Gospel: Mark 13:1-8
1st Reading: Daniel 12:1-3
2nd Reading: Hebrews 10:11-25
It has probably been a long time since most of us read the driver’s manual, but I got to look through it again a couple of years ago and watch a safe driving video so that I could drive a van of kids to Camp Odyssey in 2011. It was a good reminder for me of how to be a defensive driver, especially the idea of scanning the road. Many of us are very aware of what’s going on right in front of the car, but if we also see what is going on further ahead, we can prepare and react and be a better driver. We should scan the road 10-15 seconds ahead so we can see what’s coming, as well as all our mirrors and closer to the car as well. Anticipating what might be coming up and adjusting to accommodate that can prevent accidents and save lives.
The same can be said of our lives. It is so easy to just focus on what is right in plain view, right in front of us. I know when I get into the office I look at my calendar for that day and prioritize my tasks based on what needs to be done first. Sometimes I forget to take that longer look at my schedule and do the longer-term planning that I need to do. And with home life, doesn’t it seems we spend a lot of time cleaning up the small things, loading and unloading the dishwasher, washing and folding the clothes, cooking dinner, feeding the pets, that the longer term chores sometimes get neglected. Sometimes we lose track of the bigger picture of the routine maintenance we need to keep up with and then the bigger chores and upkeep like painting the house or replacing the roof or having the chimney swept.
And the same can be true of our spiritual lives. We move through on automatic, going to church, going to meetings, doing devotions with our eyes on the road right in front of us. But are we also scanning ahead to the bigger picture, the long-term view of what is coming ahead? Are we ready to see what God has in mind, long-term, for our world, our souls, our church?
Today in the Gospel reading, Jesus is saying that something big is coming up the road. There are many churches that talk about “end times.” They are watching out down the road for signs that we’re coming to the end. This focus for Evangelicals causes them to get out and warn everyone of the impending doom. “Have you accepted Jesus as your personal Lord and Savior?” they might ask. If you haven’t been born again according to their definition, they become afraid for you that you will spend eternity in torment, even if you are a Lutheran pastor or regular church-goer.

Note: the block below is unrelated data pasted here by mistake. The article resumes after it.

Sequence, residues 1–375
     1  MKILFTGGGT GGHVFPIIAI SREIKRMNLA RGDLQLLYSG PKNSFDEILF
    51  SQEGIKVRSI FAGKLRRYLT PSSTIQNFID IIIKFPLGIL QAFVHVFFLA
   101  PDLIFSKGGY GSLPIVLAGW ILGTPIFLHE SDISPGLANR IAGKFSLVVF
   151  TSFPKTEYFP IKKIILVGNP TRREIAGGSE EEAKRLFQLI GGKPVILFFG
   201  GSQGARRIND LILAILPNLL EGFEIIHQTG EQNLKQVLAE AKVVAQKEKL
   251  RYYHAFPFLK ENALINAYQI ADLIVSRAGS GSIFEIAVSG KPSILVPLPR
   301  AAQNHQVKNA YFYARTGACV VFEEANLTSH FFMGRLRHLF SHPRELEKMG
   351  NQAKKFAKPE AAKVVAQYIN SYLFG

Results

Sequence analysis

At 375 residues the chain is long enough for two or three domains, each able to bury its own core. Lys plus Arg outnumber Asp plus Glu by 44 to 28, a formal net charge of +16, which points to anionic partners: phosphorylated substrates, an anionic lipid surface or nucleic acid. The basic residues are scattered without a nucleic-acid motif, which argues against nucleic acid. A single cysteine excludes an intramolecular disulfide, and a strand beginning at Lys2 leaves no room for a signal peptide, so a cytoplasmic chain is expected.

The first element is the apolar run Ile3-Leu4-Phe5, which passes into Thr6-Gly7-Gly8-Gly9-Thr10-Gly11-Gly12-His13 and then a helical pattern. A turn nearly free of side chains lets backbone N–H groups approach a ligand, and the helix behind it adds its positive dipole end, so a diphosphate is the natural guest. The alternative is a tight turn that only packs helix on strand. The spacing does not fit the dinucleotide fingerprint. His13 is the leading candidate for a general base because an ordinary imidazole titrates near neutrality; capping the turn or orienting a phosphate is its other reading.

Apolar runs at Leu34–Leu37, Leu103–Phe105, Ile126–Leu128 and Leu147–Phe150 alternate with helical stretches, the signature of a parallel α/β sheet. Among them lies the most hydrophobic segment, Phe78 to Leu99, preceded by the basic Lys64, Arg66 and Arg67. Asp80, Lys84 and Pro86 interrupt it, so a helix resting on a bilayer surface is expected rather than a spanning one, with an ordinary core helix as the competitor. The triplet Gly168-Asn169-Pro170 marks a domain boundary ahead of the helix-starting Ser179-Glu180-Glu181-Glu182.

For most Lutherans the “End times” is not our favorite topic, precisely because of this negative association that so many others attach to it, but the “end times” are Biblical and something for us to be aware of. For us, it is different. The end doesn’t mean a reason to panic and be afraid. The end times mean God’s reign is coming near, that justice will be done and peace is not far away. To be near to God--isn’t that what we all want? For Lutherans to look down the road and see the signs of the end times, we have the assurance that Jesus has wiped out our sins and separation from God, so we’re looking forward to the end. This has been a long journey, and we’re ready to get out and stretch our legs and embrace our loved ones and enjoy a feast beyond imagination together. The end is a good thing for us. Because of Jesus’ love and life and promises, the end is not an end, but a beginning of eternal life and peace and love.
The reading from Daniel is something called “Apocalyptic Literature.” It is the Old Testament version of the book of Revelation in the New Testament. It is giving a prediction of what might come down the road. It talks about some anguish and some shame and everlasting contempt, so you get an idea of where some Christians are coming from when they freak out about the end times. However, this is meant as a comfort. First of all a protector is arising. God’s people will be protected. The people have a promise of deliverance. Those who are dead will be raised. The wise will shine like the stars for all eternity. All that sounds pretty good. And at the time Daniel was written, the Israelites were in exile. They were already in anguish and needed to know that this wasn’t how it would always be. They needed to know that it wouldn’t always be this rough road, but that their destination wasn’t far away and it would be better than they could have hoped. God has a plan to turn anguish into hope and joy. The Israelites wanted to know that those who had hurt them would be punished, so they took comfort knowing that their enemies wouldn’t rule over them forever. It might be strange to think of this reading from Daniel as a word of hope, but I assure you that is how it was meant and that is how the Israelites would have heard it.